Peace Lily / Spathiphyllum Plant (Buy 1 Get 1 Free)
Quantity : 2 Plants
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Peace lily is a perfect plant to grow under shade or low light areas. For its proper care make sure to place it in a location that receives bright indirect sunlight. If this plant is exposed to direct sunlight, it gets sunburnt very easily and starts to turn brownish.
Shipping Mode: Bare root plant will be send
Plant size: Well rooted plant without flower
How to Plant, Transplant, and Divide Peace Lilies
- Use a well-draining, all-purpose potting soil. The soil should be able to hold moisture and dry out slowly over time. Peace lilies don’t like to dry out entirely, but they also won’t do well if kept in soil that’s constantly wet, as this fosters root rot fungus.
- Repotting the plant every few years in the spring is good for the peace lily, as it will appreciate the refreshed soil.
- Eventually, the peace lily may grow too large for its pot, at which point it can be divided. Remove the plant from its pot and split it into smaller plants, being sure to leave several leaves per clump. Peace lilies grow from rhizomes, so it can tolerate a bit of tough treatment during dividing.
Can Peace Lilies be Grown in Water?
Yes, peace lilies can grow in water alone; they are often sold in vases without any soil. Ideally, the base of the plant should be suspended above the water line, either by a specially-made vase insert or a layer of small river stones. This allows the roots to grow down into the water, but keeps the base of the plant and its leaves from being constantly wet, which can cause rot.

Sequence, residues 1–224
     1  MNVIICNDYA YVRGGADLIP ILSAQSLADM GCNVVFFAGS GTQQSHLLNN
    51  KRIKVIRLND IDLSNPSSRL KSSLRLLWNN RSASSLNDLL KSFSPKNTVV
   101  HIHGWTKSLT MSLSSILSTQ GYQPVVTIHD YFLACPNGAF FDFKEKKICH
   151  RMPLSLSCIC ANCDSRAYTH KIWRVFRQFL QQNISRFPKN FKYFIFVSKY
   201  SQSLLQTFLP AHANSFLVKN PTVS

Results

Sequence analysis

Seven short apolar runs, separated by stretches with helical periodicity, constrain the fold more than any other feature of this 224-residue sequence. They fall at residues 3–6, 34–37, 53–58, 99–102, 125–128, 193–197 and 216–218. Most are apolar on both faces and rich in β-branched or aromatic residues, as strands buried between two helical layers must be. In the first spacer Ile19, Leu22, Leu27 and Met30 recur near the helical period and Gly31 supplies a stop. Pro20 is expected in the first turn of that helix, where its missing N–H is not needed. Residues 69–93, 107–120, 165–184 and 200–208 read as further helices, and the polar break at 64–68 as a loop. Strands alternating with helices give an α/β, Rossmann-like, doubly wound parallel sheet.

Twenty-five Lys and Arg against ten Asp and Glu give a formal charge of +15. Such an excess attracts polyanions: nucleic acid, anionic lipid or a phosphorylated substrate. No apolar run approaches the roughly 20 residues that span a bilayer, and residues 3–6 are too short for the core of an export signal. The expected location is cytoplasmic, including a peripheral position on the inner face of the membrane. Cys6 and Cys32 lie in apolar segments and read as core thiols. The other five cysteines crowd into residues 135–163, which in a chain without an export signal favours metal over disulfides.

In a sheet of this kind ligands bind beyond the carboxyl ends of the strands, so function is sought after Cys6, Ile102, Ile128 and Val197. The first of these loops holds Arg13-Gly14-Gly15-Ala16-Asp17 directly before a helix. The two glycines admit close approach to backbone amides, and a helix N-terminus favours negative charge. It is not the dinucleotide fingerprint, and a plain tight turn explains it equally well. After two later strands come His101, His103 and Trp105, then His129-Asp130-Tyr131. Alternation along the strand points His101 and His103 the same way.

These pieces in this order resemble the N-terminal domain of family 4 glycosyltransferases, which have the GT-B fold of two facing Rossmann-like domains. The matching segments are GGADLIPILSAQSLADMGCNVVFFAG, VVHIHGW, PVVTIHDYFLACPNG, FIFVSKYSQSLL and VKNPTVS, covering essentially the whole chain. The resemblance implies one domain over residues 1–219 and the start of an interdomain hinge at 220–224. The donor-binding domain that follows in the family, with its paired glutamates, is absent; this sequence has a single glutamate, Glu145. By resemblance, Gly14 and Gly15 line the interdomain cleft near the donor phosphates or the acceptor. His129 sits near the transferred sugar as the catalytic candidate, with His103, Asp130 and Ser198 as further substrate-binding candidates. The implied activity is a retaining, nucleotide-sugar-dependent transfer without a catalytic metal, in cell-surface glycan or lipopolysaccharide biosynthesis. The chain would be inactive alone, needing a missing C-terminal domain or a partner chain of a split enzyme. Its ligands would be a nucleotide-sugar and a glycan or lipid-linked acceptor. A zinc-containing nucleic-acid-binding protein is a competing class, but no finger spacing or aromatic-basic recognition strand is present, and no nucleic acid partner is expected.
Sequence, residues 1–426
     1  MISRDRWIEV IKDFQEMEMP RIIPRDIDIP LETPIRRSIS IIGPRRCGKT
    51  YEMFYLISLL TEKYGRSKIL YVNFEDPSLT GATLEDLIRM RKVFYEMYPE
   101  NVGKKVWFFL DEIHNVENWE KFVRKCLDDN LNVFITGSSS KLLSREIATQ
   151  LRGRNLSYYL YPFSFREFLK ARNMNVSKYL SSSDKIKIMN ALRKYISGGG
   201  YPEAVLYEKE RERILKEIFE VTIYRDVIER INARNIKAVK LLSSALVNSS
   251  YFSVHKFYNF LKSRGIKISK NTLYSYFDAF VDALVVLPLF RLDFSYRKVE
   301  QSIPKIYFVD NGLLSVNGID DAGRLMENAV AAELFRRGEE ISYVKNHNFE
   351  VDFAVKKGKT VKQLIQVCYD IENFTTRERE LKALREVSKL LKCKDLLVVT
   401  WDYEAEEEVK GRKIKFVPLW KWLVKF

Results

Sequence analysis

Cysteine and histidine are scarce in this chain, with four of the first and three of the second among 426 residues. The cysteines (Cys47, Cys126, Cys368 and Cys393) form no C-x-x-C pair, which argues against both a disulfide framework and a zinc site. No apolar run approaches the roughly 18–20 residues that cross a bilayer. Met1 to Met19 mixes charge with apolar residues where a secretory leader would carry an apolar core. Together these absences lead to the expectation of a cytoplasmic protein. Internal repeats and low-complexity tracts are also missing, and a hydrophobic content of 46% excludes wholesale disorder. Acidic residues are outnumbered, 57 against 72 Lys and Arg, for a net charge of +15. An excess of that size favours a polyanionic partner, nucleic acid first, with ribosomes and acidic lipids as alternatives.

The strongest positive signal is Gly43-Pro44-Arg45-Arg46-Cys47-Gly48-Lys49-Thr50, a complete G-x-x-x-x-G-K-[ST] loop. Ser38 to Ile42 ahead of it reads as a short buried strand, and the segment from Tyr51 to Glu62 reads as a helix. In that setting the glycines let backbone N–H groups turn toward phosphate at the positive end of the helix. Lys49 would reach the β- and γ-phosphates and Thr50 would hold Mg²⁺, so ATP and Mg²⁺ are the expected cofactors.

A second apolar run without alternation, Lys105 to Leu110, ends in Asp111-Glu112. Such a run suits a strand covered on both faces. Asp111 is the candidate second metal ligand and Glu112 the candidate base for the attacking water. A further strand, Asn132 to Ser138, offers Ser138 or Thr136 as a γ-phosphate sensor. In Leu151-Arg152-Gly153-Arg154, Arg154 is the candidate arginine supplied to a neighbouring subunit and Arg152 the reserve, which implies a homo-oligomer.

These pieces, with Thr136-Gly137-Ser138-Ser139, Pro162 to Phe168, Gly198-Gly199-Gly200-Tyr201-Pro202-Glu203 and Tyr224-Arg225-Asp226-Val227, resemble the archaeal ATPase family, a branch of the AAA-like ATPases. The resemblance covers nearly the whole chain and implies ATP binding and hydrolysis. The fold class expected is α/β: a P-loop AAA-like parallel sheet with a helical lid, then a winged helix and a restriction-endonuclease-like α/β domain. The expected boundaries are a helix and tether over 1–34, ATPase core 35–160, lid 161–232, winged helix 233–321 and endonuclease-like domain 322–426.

- Ideally, keep peace lilies in a spot that gets bright, indirect light. An east-facing window is perfect, as the plant will be exposed to the bright morning sun. A north-facing window would also be a good choice for a peace lily.
- Keep peace lilies out of areas where they’ll get direct sunlight all day (such as in a south-facing window), as it may dry them out too much.
- When it comes to watering, consistency is key. Keep the soil lightly moist to the touch, but not overly saturated. Peace lilies can tolerate short periods of dry soil, but their leaves will start to develop brown tips if they don’t have enough water or humidity.
- Tip: One nice thing about peace lilies is that they will tell you when they’re thirsty: the plant’s leaves start to droop. When the plant starts to look less “perky” than usual, test the soil with your finger. If it feels dry, it’s time to water again.
- Peace lilies are sensitive to chemicals commonly found in tap water, such as fluoride, which may cause brown leaf tips. Use filtered, room-temperature water, if possible.
- Peace lilies enjoy high humidity. Misting their leaves or placing their pot atop a moistened tray of gravel can help to increase humidity around the plant.
- Peace lilies are not heavy feeders, so fertilize only occasionally. To encourage spring and summer growth, fertilize every 6 weeks or so with a balanced houseplant fertilizer starting in late winter.
- Peace lilies are a tropical plant, so keep them in temperatures above 60°F (16°C) and away from cold, drafty windows. They do best in temperatures upwards of 70°F (21°C).
- The large leaves of peace lilies tend to collect a lot of dust in the home. Gently wipe them down with a wet paper towel occasionally; a thick layer of dust can inhibit photosynthesis.
How to Get Peace Lilies to Flower
- Most often, if no flowers are appearing, the plant is not getting enough light. Peace lilies are very tolerant of low light, but “low light” doesn’t mean no light! To encourage flowering, move the plant to a brighter location, where it will receive bright, indirect light for at least a few hours each day.
- Green flowers, weak-looking flowers, or a general lack of flowers can also be caused by improper fertilizing. In the case of green flowers, cut back on fertilizing, as the plant may be getting too much nitrogen. In the case of weak-looking flowers or a lack of flowers, try switching to a fertilizer made for flowering plants. This type of fertilizer will have a higher amount of phosphorous, which plants need for blooming.